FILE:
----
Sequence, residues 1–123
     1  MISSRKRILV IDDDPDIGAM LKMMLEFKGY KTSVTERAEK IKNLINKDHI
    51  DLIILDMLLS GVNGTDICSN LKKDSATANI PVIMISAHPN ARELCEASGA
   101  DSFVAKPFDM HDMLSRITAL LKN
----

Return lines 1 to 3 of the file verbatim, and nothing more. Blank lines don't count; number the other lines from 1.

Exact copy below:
Sequence, residues 1–123
     1  MISSRKRILV IDDDPDIGAM LKMMLEFKGY KTSVTERAEK IKNLINKDHI
    51  DLIILDMLLS GVNGTDICSN LKKDSATANI PVIMISAHPN ARELCEASGA